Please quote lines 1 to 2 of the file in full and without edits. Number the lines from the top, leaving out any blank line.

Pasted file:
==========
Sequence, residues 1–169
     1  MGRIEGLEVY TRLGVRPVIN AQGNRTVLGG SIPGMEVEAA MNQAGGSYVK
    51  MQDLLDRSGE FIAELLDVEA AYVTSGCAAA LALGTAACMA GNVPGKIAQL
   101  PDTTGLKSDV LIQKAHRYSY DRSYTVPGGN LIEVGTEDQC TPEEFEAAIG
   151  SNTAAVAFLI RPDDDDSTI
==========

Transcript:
Sequence, residues 1–169
     1  MGRIEGLEVY TRLGVRPVIN AQGNRTVLGG SIPGMEVEAA MNQAGGSYVK